Little Women

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Like Keira Knightley before her, Saoirse Ronan appears to have been typecast. While Knightley shone in period pieces, a vision in lavish costumes, Ronan is but a couple of centuries ahead of her. A reason for this might be her face. Saoirse Ronan has sad eyes, eyes that tell you a thousand tales by just staring at you. Her face projects weary innocence and unexpressed dreams. Maybe that’s why she keeps appearing in films about early America and Britain: she’s the personification of those countries during those periods of time. Where everything seemed possible if we could but put the past behind us.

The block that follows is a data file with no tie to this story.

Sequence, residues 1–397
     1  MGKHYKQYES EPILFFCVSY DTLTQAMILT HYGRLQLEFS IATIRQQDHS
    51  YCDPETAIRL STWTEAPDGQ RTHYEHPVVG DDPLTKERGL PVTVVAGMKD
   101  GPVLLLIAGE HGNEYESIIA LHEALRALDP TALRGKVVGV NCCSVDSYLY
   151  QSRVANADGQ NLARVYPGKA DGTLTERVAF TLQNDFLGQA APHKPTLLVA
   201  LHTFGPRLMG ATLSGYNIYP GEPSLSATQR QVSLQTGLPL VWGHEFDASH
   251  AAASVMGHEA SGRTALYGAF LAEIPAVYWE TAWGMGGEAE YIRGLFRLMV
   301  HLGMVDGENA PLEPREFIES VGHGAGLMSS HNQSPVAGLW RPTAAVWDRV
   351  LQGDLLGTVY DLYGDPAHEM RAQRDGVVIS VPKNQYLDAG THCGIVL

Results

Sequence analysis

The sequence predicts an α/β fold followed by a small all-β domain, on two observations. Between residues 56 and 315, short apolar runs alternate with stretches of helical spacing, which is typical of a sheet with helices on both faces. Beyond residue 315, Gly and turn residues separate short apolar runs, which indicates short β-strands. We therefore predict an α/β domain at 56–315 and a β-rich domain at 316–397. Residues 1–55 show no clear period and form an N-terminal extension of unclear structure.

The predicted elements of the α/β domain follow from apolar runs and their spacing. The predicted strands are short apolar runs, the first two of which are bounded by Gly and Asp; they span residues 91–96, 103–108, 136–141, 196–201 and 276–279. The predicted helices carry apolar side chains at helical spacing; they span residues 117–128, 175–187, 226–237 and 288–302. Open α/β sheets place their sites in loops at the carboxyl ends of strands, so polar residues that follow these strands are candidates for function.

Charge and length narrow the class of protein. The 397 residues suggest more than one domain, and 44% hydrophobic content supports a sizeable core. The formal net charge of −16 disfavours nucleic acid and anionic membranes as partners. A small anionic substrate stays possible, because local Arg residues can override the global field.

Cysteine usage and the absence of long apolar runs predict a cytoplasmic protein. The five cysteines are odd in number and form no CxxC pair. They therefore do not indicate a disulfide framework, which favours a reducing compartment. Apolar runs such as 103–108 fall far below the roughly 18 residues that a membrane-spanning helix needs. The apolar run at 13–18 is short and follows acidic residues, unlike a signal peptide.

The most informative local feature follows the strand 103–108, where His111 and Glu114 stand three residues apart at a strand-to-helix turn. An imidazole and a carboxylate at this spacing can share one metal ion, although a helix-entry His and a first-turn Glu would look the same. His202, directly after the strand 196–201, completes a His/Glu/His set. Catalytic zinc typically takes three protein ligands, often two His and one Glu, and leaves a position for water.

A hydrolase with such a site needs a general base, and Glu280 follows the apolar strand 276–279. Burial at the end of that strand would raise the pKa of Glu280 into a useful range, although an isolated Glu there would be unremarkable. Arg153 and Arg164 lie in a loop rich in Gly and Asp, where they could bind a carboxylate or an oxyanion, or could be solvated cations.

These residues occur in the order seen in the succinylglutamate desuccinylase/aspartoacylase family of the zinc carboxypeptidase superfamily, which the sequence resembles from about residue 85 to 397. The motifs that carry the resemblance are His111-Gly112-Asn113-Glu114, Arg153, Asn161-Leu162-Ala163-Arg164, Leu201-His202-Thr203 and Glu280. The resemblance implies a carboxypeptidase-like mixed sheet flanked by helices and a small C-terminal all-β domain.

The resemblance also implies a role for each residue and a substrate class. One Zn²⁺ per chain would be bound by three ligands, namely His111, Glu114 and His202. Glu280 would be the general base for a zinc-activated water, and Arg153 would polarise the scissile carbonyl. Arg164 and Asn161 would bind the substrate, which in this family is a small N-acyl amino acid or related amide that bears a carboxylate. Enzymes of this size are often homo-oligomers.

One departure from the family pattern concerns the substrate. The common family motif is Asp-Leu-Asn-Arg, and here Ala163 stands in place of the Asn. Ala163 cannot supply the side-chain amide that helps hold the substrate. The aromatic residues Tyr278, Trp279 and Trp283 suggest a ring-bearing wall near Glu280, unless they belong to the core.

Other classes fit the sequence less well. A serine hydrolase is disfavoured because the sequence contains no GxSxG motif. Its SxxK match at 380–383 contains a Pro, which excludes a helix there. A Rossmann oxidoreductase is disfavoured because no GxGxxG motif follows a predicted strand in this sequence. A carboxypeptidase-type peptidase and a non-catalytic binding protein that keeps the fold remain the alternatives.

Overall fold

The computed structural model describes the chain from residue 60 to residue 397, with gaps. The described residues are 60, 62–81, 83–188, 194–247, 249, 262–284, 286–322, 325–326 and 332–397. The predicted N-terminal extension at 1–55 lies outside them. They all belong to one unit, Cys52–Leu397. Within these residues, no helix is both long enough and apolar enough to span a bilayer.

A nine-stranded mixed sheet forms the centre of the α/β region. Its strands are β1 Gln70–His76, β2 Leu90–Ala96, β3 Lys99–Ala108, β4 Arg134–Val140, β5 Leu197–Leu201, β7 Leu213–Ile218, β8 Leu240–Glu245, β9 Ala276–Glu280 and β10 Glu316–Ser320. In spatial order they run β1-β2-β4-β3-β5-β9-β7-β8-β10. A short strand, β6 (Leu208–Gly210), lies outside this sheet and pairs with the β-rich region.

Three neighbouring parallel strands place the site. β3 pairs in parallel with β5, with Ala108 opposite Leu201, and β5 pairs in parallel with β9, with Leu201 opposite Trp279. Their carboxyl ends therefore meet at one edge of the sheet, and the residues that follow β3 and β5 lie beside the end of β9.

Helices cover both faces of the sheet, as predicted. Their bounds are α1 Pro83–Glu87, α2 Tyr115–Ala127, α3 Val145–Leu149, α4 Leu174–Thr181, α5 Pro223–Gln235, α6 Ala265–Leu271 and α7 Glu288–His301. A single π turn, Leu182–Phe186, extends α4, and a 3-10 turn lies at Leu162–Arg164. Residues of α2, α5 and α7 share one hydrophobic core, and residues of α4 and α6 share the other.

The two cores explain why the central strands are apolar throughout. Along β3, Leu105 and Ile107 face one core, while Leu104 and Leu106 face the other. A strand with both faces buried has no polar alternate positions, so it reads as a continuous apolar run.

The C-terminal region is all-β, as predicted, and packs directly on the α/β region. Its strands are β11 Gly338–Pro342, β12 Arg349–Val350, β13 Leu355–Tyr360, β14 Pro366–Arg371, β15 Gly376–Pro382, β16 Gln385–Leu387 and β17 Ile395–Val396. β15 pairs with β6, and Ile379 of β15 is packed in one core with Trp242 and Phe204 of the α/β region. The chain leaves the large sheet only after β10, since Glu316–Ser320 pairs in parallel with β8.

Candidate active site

In Little Women, she’s as good as always. There’s a moment in which she delivers a heartfelt protestation on the expectations of women, while mourning her own loneliness, that is deeply genuine and so sad.

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